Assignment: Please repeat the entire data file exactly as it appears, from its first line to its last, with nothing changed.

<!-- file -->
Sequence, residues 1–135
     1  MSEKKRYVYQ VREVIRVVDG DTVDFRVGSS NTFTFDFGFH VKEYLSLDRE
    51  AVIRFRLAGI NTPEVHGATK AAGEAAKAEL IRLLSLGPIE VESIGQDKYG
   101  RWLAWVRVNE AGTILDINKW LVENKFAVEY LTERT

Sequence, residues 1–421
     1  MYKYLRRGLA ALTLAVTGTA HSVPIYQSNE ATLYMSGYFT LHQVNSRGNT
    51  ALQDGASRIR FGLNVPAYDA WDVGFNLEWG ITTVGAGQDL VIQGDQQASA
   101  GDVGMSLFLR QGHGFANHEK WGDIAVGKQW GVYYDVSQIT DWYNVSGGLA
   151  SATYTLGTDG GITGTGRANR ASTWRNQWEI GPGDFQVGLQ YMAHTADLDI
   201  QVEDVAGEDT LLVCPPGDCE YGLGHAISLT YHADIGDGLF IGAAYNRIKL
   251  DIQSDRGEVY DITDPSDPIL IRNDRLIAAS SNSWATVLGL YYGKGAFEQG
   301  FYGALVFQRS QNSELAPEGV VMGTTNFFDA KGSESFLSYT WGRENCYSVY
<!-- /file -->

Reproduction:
Sequence, residues 1–135
     1  MSEKKRYVYQ VREVIRVVDG DTVDFRVGSS NTFTFDFGFH VKEYLSLDRE
    51  AVIRFRLAGI NTPEVHGATK AAGEAAKAEL IRLLSLGPIE VESIGQDKYG
   101  RWLAWVRVNE AGTILDINKW LVENKFAVEY LTERT

Sequence, residues 1–421
     1  MYKYLRRGLA ALTLAVTGTA HSVPIYQSNE ATLYMSGYFT LHQVNSRGNT
    51  ALQDGASRIR FGLNVPAYDA WDVGFNLEWG ITTVGAGQDL VIQGDQQASA
   101  GDVGMSLFLR QGHGFANHEK WGDIAVGKQW GVYYDVSQIT DWYNVSGGLA
   151  SATYTLGTDG GITGTGRANR ASTWRNQWEI GPGDFQVGLQ YMAHTADLDI
   201  QVEDVAGEDT LLVCPPGDCE YGLGHAISLT YHADIGDGLF IGAAYNRIKL
   251  DIQSDRGEVY DITDPSDPIL IRNDRLIAAS SNSWATVLGL YYGKGAFEQG
   301  FYGALVFQRS QNSELAPEGV VMGTTNFFDA KGSESFLSYT WGRENCYSVY